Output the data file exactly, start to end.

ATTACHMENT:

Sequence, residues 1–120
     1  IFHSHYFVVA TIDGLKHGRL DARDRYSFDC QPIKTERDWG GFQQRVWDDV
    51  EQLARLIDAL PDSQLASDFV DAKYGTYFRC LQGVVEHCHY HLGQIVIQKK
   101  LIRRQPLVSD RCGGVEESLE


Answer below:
Sequence, residues 1–120
     1  IFHSHYFVVA TIDGLKHGRL DARDRYSFDC QPIKTERDWG GFQQRVWDDV
    51  EQLARLIDAL PDSQLASDFV DAKYGTYFRC LQGVVEHCHY HLGQIVIQKK
   101  LIRRQPLVSD RCGGVEESLE